a new policy....I intend to ignore the nescient...a waste of time and energy.
ZugyNA is offline  
Old 07-22-2008, 07:21 AM   #78
Registered Member
 
GasSavers_RoadWarrior's Avatar
 
Join Date: Feb 2008
Posts: 1,652
Pulling a crankcase vacuum is meant to improve ring seal, so blowby should be reduced.

If you actually want to crack your PCV products rather than collect them you need a catalytically active filter medium with a large amount of area. Silica gel has been postulated, but I think that this was under the misunderstanding that silica gel was the active medium in some industrial catalysts whereas it is usually just the substrate to support the catalyst. i.e. the silica gel granules in question will be coated with something else. The best options appear to be either copper plated ball bearings, or copper pan scrubbers. Steel does have catalytic activity, but only at higher temperatures, and it will tend to rust out with moisture. Copper may oxidise or turn into a carbonate, but it's compounds are still catalytically active, so there's no need to change it out if it goes green or blue. If you can figure a way to introduce a minor amount of steam into the PCV jar, then even the heavier crap will get hydrocracked into useful fuel fractions.
__________________
I remember The RoadWarrior..To understand who he was, you have to go back to another time..the world was powered by the black fuel & the desert sprouted great cities..Gone now, swept away..two mighty warrior tribes went to war & touched off a blaze which engulfed them all. Without fuel, they were nothing..thundering machines sputtered & stopped..Only those mobile enough to scavenge, brutal enough to pillage would survive. The gangs took over the highways, ready to wage war for a tank of juice
GasSavers_RoadWarrior is offline  
Old 09-03-2008, 07:49 PM   #79
Registered Member
 
Join Date: Sep 2008
Posts: 1
Country: United States
Quote:
Originally Posted by Erik View Post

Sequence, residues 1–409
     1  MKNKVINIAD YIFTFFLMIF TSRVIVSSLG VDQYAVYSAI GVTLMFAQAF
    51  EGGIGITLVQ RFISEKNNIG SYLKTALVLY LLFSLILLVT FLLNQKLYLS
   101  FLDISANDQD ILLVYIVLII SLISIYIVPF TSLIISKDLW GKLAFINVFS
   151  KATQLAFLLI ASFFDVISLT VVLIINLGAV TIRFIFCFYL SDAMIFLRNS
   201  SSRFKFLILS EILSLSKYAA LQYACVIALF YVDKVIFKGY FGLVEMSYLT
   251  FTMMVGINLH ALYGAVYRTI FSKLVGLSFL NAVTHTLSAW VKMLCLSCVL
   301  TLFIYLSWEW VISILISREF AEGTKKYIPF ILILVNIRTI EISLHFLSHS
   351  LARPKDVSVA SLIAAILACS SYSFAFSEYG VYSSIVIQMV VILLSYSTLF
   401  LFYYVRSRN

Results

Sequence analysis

What about the VX lean burn mode? Is that harming the engine?

I would like to lean out my carburated 87 civic, but I too am concerned about engine damage.
As has been hinted at a bunch of times by very knowledgeable people, there is no point in blindly leaning out the fuel mixture. EFIE's (electronic fuel injection enhancer), which lean out the fuel, are designed to be used in conjuction with other fuel saving devices, such as a hydrogen generator. It is required for the correct operation of such devices, as extra oxygen will always be present in the exhaust, causing a very incorrect a/f ratio. The EFIE adjusts the o2 sensor voltage level by adding a precise offset voltage to the signal corresponding to the more or less fixed amount of extra oxygen present in the system. This is all in an attempt to regain the proper 14.7:1 a/f ratio.

That being said, an EFIE cannot be setup with a simple resistor voltage divider. The battery voltage is connected to the alternator which does not provide a stable voltage (varies over time), thus your offset changes with the battery voltage. For best operation you need an electronic circuit that provides a rock solid voltage offset that doesn't vary with time, temperature or supply voltage.

Now, with all of that being said, these hydrogen hybrid systems should be using fuel mixture controllers to properly adjust all appropriate computer signals.
sargon is offline  
Old 09-18-2008, 12:38 PM   #80
Registered Member
 
Join Date: Jul 2007
Posts: 280
Country: United States
So seriously where'd the diagram go? I was thinking about this today too. I was thinking about maybe a battery inline with resistors to ramp up voltage but the more I thought about it any resistors would affect the O2 as well, I'm really not sure how to do what I want.

The thought of increasing voltage on the grounding seems like it would work but I just have a 3 wire O2, so ground must be shared with my O2 heater and I'm not sure I want to mess with that. I can certainly reduce 12V to .07V if I want to but not sure how to have a circuit with .07V and one with .45v and get to .52V. Hooking the .45V just shunts voltage to the .07V as a ground but seems to still read .45V in the middle (where ECU is conencted to).
__________________

itjstagame is offline  
Closed Thread

Thread Tools
Display Modes

Posting Rules
You may not post new threads
You may not post replies
You may not post attachments
You may not edit your posts

BB code is On
Smilies are On
[IMG] code is On
HTML code is Off
Trackbacks are Off
Pingbacks are Off
Refbacks are Off


Powered by vBadvanced CMPS v3.2.3


All times are GMT -8. The time now is 04:38 PM.


Powered by vBulletin® Version 3.8.8 Beta 1
Copyright ©2000 - 2017, vBulletin Solutions, Inc.